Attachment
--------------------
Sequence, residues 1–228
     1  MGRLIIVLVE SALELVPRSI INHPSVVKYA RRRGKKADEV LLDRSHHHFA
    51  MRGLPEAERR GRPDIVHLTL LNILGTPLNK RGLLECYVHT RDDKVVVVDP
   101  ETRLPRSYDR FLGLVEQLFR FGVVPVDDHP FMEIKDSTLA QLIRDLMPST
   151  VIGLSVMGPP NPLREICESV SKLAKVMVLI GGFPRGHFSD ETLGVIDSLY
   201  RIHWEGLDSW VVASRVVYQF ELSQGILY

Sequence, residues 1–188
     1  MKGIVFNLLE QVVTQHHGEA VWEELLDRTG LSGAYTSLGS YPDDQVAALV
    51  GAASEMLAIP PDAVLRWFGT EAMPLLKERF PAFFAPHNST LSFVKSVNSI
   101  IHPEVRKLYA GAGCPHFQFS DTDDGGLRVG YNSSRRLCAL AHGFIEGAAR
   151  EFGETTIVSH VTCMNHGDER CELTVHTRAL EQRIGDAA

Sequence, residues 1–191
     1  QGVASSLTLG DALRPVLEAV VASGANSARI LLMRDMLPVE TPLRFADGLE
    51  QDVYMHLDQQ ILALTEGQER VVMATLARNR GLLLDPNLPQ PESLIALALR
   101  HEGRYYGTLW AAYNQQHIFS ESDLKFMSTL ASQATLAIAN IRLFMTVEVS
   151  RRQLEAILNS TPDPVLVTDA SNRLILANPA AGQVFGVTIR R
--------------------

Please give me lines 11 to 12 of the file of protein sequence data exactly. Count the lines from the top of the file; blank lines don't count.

   151  EFGETTIVSH VTCMNHGDER CELTVHTRAL EQRIGDAA

Sequence, residues 1–191